June 15 is recognised by the United Nations as World Elder Abuse Awareness Day (WEAAD). As the number of older people around the world is growing, the level of elder abuse is also expected to rise in coming years. This day is observed annually to raise awareness and help put and end to elder abuse in all its forms around the world.
Elder abuse occurs when there is action, or lack of appropriate action, within a trust-based relationship, which causes distress or harm to an older person. This can take the form of physical, emotional, psychological, sexual and financial abuse. For 2017 the United Nations is focusing on the theme, “Understand and End Financial Abuse of Older People: A Human Rights Issue.”
Recent research findings draw specific attention to financial exploitation and material abuse of older persons as a common and serious problem. Based on available evidence, 5 to 10 per cent of older people globally may experience some kind of financial exploitation.3 However, such abuse often goes unreported, partly due to shame and embarrassment on the part of the victims or their inability to report it because of cognitive and other impairments, and most prevalence studies are based on self-reported surveys.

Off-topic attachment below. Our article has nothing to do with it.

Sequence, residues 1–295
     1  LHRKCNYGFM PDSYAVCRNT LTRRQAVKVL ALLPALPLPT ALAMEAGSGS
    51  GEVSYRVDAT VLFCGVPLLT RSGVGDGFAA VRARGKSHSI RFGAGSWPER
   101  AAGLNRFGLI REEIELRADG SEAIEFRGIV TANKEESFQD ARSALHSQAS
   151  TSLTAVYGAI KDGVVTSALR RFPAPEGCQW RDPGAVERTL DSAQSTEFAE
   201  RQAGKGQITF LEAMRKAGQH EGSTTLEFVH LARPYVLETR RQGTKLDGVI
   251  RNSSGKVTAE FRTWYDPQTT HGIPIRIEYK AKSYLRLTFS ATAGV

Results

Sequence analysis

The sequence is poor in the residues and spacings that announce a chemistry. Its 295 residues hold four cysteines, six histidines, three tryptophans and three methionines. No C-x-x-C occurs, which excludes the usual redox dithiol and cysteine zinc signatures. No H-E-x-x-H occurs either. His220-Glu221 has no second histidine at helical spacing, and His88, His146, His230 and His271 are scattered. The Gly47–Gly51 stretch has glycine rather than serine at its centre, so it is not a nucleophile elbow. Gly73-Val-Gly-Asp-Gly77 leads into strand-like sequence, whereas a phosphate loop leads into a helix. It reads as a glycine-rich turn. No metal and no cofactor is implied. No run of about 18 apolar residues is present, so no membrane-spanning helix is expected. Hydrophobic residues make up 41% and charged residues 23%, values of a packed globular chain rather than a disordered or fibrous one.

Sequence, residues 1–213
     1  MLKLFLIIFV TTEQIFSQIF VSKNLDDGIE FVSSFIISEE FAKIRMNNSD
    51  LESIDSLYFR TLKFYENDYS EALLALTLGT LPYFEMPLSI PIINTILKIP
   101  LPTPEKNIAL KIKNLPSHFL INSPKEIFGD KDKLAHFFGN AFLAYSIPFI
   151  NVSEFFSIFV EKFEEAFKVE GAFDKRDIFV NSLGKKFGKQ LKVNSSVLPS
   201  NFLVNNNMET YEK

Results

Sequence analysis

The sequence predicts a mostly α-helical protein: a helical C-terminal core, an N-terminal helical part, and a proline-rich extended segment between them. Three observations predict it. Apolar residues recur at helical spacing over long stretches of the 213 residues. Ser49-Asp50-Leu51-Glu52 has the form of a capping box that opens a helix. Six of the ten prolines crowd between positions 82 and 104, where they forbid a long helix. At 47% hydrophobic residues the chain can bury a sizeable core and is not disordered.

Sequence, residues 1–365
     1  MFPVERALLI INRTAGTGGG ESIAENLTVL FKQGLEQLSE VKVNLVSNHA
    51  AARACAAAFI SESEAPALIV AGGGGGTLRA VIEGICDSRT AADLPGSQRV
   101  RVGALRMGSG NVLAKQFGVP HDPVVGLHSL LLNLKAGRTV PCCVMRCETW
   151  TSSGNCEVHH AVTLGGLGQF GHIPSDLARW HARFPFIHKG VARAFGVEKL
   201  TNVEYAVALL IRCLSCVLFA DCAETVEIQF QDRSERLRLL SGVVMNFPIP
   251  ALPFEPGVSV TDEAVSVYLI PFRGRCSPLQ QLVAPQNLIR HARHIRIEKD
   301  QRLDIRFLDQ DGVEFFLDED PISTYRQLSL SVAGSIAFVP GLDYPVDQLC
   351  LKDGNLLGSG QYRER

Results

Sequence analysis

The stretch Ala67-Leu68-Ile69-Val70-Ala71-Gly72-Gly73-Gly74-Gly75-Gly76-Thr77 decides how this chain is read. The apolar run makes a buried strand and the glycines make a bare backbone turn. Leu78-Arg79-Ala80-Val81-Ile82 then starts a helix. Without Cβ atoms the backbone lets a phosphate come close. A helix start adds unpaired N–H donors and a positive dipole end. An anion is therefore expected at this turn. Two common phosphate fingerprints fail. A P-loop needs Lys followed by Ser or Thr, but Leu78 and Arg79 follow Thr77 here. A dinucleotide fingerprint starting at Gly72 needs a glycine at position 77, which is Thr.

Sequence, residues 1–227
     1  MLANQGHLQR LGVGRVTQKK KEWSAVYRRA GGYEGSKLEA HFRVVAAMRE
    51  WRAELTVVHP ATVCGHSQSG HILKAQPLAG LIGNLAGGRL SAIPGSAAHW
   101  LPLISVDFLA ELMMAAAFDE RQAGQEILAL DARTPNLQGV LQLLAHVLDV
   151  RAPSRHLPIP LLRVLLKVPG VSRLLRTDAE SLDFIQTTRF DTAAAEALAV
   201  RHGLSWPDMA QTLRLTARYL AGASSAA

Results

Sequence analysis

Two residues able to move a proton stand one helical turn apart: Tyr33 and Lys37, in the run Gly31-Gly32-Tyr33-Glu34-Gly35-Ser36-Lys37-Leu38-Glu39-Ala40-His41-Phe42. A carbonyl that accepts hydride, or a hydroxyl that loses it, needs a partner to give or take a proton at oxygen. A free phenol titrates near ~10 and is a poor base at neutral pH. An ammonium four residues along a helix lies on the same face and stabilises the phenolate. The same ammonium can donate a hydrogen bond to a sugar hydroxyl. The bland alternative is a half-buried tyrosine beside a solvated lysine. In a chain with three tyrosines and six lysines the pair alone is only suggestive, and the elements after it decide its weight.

Financial exploitation takes many forms. In developed countries, the abuse often encompasses theft, forgery, misuse of property and power of attorney, as well as denying access to funds. The overwhelming majority of financial exploitation in less developed countries includes accusations of witchcraft that are used to justify property grabbing, ejection from homes of and denial of family inheritance to widows. Risk factors for falling victim to financial exploitation range from social isolation and cognitive impairment to emotional or physical dependence on the perpetrator, financial dependence of the abuser on the older person, certain living arrangements, poverty, widowhood and lack of support networks, in addition to ageism and other types of prejudice, discriminatory inheritance systems, as well as weak police and criminal justice systems.
Advocare is the peak body for elder abuse in Western Australia, and is a valuable source of information and resources on preventing and dealing with elder abuse. Advocare has provided a free starter pack for people interested in holding an event for World Elder Abuse Awareness Day, available to download here.
Social Justice Statement on Ageing
The 2016-17 Social Justice Statement from the Australian Catholic Bishops Conference (ACBC) is focused on the issues associated with Australia’s ageing population. Titled, “A Place at the Table: Social justice in an ageing society,” it calls for a higher level of care for older people who are vulnerable, and urges us to value older Australians and ensure they have “a place at the table.”
Click here to read the statement, and access related resources including liturgy notes, prayer cards, and ‘ten steps to creating a place at the table.’